How To Talk Southern
As a "Yankee" transplant from upstate New York, now living south of the Mason/Dixon line, I regularly have my vocabularly expanded by native southerners. I'm compiling a list of things learned - or relearned abut the uniquely colorful southern ways to turn a phrase.
Life in the Southern United States
I now know that...
- A possum is a flat animal that sleeps in the middle of the road.
- There are 5,000 types of snakes and 4,998 of them live in the South.
- Fried catfish is the other white meat.
- There are 10,000 types of spiders. All 10,000 of them live in the South, plus a couple no one has seen before.
- If it grows, it will stick ya. If it crawls, it will bite cha.
- Onced and Twiced are words.
- It is not a shopping cart, it is a buggy!
- People actually grow and eat okra.
- Fixinto is one word. It means I am fixing to do that.
- There is no such thing as lunch. There is only dinner and then there is supper.
- Iced tea is appropriate for all meals and you start drinking it when you're two. If, heaven forbid, you want hot tea; it is wise to arrive at the meeting with your own tea bag tucked in your brief case.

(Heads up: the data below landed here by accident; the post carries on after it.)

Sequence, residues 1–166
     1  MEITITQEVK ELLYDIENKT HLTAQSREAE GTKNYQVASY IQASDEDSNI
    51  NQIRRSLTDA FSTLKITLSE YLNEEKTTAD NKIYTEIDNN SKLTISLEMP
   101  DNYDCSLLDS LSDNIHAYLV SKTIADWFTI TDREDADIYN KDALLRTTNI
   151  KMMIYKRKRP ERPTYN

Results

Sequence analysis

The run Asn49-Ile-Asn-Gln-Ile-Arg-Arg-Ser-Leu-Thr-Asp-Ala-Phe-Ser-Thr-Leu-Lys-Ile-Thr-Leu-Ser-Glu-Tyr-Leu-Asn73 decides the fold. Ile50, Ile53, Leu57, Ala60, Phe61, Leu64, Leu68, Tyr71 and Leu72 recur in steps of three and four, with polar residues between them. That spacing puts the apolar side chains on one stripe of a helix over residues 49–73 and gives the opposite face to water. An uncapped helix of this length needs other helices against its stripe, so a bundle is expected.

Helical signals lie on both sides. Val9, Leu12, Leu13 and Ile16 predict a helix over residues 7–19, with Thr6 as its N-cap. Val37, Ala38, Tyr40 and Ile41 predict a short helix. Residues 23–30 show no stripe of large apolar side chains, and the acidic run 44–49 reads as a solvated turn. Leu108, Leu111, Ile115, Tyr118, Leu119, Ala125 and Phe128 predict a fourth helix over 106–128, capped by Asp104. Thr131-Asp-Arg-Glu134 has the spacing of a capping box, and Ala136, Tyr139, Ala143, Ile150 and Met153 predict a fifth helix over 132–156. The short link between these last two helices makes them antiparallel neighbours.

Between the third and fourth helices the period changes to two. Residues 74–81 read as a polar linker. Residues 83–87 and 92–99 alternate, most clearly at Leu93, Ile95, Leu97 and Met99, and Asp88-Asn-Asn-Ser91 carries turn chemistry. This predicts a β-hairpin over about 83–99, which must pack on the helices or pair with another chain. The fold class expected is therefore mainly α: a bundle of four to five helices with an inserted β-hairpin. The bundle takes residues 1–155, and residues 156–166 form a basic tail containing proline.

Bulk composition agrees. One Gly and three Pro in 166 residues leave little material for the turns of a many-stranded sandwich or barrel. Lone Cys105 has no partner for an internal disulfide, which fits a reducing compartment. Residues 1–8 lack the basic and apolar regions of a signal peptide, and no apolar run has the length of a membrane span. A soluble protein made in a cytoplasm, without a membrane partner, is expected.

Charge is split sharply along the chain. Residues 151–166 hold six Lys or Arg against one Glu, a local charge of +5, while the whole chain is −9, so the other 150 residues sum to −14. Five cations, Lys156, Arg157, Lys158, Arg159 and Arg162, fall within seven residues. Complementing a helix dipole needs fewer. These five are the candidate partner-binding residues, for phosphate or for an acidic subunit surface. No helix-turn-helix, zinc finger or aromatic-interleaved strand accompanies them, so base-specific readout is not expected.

- Backwards and forwards means I know everything about you.
- The word jeet is actually a phrase meaning "Did you eat?"
- You dont PUSH buttons, you MASH em.
- You switch from heat to A/C in the same day.
- You know what a DAWG is.
- The local papers cover national and international news on one page, but require 6 pages for local high school sports, motor sports and gossip.
- You would think that the first day of deer season is a national holiday.
- You find 100 degrees Fahrenheit a bit warm.
- You know all four seasons: Almost summer, summer, still summer, and Christmas.
- Going to Wal-Mart is a favorite pastime known as goin Wal-Martin or off to Wally World.
A Southern Happiness Secret
I'd be remiss if I didn't include this insightful definition of southern happiness.
"Happiness to a true southerner is a Canadian heading home with a New Yorker under each arm."
Author, Margaret Ross is president of the Kamaron Institute and a self-described "common law southerner."